With radiocarbon dating, the amount of the radioactive isotope carbon-14 is measured.Compared to some of the other radioactive isotopes we have discussed, carbon-14's half-life of 5,730 years is considerably shorter, as it decays into nitrogen-14.
When the isotope is halfway to that point, it has reached its half-life.
There are different methods of radiometric dating that will vary due to the type of material that is being dated.
With rubidium-strontium dating, we see that rubidium-87 decays into strontium-87 with a half-life of 50 billion years.
By anyone's standards, 50 billion years is a long time.
However, rocks and other objects in nature do not give off such obvious clues about how long they have been around.
So, we rely on radiometric dating to calculate their ages.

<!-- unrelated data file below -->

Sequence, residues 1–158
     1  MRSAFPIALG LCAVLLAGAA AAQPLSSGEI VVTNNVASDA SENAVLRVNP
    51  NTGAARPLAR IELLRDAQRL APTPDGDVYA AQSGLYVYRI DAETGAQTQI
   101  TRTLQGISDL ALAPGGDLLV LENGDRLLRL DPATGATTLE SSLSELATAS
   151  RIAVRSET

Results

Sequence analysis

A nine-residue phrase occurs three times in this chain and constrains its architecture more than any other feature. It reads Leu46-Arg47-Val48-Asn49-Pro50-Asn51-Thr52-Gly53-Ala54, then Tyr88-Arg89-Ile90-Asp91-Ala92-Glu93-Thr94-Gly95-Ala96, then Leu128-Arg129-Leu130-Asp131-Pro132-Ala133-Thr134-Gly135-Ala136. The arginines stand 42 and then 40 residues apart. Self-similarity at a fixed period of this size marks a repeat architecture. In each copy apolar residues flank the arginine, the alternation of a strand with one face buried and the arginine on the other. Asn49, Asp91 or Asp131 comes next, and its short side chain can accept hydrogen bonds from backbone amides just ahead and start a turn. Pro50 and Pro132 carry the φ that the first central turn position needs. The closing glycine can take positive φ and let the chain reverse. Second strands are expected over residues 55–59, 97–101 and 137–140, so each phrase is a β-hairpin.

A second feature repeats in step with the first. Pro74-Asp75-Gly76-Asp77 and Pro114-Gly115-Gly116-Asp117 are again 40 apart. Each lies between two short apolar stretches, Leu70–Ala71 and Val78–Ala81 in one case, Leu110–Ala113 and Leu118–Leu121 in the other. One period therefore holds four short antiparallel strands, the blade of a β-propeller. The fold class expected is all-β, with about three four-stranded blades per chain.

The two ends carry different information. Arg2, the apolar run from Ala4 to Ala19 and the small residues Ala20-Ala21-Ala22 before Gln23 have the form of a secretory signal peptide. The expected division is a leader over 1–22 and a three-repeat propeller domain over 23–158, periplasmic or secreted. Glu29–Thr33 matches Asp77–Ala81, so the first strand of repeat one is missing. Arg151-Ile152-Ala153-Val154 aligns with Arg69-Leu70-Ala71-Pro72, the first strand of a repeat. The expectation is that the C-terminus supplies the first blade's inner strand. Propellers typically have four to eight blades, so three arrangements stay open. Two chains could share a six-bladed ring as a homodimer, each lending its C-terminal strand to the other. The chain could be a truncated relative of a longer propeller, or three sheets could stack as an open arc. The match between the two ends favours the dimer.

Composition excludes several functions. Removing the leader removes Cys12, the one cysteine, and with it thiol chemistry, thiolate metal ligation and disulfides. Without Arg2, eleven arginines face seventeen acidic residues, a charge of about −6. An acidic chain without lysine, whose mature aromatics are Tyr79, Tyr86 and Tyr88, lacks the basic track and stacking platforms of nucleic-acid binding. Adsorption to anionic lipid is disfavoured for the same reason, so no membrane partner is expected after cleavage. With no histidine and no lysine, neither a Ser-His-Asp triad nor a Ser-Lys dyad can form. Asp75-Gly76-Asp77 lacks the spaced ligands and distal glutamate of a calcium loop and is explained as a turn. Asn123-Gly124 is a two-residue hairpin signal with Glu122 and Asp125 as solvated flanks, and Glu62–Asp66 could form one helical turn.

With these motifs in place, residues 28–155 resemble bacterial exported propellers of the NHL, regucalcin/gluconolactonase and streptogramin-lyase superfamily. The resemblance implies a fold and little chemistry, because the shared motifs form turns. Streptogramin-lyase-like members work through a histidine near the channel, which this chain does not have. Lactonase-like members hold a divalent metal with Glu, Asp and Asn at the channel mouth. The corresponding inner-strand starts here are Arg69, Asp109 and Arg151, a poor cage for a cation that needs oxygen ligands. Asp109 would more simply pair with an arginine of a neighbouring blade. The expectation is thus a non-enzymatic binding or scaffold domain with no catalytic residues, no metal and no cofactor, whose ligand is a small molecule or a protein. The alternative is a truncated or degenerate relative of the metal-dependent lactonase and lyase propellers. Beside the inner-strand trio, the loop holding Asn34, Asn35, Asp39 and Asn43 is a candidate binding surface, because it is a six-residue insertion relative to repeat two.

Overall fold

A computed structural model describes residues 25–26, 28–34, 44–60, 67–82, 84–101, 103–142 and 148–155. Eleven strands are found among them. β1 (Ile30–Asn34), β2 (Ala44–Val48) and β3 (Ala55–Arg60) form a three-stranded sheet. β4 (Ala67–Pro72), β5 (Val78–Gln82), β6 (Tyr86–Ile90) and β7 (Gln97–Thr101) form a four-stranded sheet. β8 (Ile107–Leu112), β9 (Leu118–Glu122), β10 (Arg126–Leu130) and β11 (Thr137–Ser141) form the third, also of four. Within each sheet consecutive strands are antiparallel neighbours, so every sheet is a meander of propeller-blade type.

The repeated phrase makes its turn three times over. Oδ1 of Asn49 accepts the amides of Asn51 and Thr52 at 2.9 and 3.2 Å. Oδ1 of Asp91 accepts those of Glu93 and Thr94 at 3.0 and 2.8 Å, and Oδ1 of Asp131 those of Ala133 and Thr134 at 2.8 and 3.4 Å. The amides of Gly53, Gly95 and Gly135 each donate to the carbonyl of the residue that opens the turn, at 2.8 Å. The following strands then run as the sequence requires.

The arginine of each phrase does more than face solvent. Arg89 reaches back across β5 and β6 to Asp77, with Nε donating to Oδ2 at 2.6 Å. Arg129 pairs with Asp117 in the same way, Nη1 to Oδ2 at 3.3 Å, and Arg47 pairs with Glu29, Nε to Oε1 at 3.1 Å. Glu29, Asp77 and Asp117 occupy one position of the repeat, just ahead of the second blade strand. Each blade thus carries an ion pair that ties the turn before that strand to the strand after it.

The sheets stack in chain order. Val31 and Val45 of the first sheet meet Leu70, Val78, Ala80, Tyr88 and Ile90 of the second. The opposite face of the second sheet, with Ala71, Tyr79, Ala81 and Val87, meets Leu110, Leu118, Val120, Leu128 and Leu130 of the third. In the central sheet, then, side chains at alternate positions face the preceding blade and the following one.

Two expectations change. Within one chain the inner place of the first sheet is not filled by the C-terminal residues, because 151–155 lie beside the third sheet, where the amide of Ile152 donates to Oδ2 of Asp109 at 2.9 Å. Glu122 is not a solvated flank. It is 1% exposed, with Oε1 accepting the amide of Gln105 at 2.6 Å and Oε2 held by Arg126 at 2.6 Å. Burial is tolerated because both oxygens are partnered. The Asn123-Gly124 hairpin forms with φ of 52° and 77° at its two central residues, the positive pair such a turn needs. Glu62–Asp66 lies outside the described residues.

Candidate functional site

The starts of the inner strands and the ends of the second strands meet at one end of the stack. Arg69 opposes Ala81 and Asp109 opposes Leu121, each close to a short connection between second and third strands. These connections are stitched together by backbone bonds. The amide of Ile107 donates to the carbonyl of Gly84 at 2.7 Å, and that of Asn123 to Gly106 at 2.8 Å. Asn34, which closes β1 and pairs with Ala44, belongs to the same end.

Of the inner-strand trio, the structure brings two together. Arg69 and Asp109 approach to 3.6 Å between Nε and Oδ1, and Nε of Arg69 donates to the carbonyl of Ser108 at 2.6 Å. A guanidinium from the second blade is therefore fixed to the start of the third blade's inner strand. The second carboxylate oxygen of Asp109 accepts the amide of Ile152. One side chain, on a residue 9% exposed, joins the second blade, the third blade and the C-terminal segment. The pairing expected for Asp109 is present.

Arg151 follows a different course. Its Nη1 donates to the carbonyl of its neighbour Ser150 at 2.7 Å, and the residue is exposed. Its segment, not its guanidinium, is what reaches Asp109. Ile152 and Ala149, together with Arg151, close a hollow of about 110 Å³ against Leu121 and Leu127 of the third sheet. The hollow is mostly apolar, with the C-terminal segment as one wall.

The methods work because radioactive elements are unstable, and they are always trying to move to a more stable state. This process by which an unstable atomic nucleus loses energy by releasing radiation is called radioactive decay.
The thing that makes this decay process so valuable for determining the age of an object is that each radioactive isotope decays at its own fixed rate, which is expressed in terms of its half-life.
And this would also include things like trees and plants, which give us paper and cloth.